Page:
How Do You Maintain Or Increase Collagen In The Body?

According to medical experts, a balanced diet of protein-rich foods (chicken, beef, eggs, dairy, legumes, nuts, and whole grains, for example) and a variety of fresh vegetables provides the particular building blocks for collagen. A diet rich in fresh fruits and vegetables also provides antioxidants, which protect the body from oxidative stress. Oxidative stress can destroy collagen. The body's ability to generate collagen naturally declines as we age, but that excessive sun exposure, smoking, and a poor diet can further stifle collagen production.

Collagen loss can be slowed down or prevented by the following measures:

  • Eating a protein rich diet
  • Plenty of fresh fruits and vegetables
  • Eating Vitamin C rich foods
  • Using sunscreen all over exposed areas of the body to protect from UV rays
  • Avoiding excessive sun exposure
  • Avoiding excessive smoking
  • Avoiding excessive alcohol
  • Stress management and adequate sleep/ rest
 

 

Foods That Are Rich In Collagen or Increase Collagen Production

Collagen is found in foods that include gelatin, such as bone broth. After collagen has been cooked, gelatin is a protein compound. Collagen is found in animal connective tissues, hence, present in meat. Vitamin C is required for collagen formation, hence foods high in this vitamin and vitamin C supplements are beneficial in collagen production in the body.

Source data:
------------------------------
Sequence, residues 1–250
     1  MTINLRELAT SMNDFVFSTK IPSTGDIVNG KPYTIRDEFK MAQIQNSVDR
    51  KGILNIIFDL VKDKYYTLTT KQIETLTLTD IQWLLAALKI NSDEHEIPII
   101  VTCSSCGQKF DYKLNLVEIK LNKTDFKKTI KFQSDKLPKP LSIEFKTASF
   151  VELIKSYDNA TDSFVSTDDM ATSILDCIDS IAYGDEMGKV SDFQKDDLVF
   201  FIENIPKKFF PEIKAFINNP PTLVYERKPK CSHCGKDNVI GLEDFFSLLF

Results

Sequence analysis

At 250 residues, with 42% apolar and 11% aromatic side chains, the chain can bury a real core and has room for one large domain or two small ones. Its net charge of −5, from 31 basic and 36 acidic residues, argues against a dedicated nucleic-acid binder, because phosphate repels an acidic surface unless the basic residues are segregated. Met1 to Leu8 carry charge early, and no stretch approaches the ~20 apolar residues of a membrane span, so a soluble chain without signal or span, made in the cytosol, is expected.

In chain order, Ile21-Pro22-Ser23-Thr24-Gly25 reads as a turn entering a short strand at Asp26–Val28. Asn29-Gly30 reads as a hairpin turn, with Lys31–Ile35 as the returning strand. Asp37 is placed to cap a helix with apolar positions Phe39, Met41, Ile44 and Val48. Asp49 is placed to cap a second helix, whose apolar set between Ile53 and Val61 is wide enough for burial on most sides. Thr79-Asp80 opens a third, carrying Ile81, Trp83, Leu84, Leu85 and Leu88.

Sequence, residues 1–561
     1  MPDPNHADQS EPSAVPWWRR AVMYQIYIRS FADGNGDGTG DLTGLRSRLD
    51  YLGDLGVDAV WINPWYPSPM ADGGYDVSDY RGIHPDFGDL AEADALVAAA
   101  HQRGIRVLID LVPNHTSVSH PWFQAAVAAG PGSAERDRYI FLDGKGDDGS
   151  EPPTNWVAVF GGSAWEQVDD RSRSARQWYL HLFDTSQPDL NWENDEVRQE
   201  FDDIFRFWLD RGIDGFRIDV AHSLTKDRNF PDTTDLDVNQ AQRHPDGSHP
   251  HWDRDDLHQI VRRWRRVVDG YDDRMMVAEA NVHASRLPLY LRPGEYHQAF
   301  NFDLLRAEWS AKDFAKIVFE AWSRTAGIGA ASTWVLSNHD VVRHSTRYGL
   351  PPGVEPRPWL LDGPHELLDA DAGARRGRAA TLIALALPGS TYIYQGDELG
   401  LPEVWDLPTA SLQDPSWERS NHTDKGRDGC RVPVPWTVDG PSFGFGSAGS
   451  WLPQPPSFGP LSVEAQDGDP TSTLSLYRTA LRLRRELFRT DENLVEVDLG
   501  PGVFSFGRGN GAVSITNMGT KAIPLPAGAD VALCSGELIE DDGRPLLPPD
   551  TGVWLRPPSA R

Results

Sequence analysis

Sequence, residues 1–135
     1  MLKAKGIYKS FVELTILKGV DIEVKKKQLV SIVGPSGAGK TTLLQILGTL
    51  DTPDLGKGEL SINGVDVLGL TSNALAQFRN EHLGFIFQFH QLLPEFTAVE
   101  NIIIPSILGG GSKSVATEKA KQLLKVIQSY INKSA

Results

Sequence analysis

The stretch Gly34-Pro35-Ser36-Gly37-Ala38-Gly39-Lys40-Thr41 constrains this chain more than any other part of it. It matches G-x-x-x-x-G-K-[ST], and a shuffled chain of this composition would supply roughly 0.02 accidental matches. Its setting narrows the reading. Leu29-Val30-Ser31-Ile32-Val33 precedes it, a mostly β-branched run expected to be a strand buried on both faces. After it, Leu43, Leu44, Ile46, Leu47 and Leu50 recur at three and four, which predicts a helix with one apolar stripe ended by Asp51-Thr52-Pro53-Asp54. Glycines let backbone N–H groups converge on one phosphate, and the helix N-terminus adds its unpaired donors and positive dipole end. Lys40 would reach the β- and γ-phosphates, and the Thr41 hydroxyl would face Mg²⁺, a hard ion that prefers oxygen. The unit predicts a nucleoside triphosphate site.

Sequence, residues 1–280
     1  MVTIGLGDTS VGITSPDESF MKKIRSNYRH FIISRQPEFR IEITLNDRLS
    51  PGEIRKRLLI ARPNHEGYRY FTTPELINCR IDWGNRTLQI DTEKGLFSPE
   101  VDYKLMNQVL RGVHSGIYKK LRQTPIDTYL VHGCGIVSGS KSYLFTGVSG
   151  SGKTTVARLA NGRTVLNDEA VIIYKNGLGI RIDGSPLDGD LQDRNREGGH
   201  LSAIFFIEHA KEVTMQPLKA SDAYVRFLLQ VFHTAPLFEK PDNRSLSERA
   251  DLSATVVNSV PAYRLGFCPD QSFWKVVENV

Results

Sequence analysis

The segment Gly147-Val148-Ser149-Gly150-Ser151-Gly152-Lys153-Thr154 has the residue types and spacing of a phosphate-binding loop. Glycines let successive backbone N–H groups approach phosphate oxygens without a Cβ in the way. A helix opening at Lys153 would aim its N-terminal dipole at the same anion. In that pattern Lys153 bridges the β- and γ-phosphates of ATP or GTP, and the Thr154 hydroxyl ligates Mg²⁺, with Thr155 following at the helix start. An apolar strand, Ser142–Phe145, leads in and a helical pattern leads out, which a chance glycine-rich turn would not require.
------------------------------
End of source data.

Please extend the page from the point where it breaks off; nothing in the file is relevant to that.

More research is needed to see if eating collagen-rich foods can help you improve your collagen levels. Collagen can be found in the following foods:

  • Chicken
  • Fish
  • Whites of eggs
  • Fruits of the citrus family
  • Berries
  • Vegetables that are red and yellow
  • Garlic
  • White tea
  • Green, leafy vegetables
  • Cashews
  • Tomatoes
  • peppers (bell)
  • Beans
  • Avocados
  • Soy
  • Collagen-rich herbs (Chinese knotweed, horsetail, gynostemma)
  • Herbs that aid in the production of collagen (gotukola, bala, ashwagandha)
Collagen production

 

The Truth About Collagen Supplements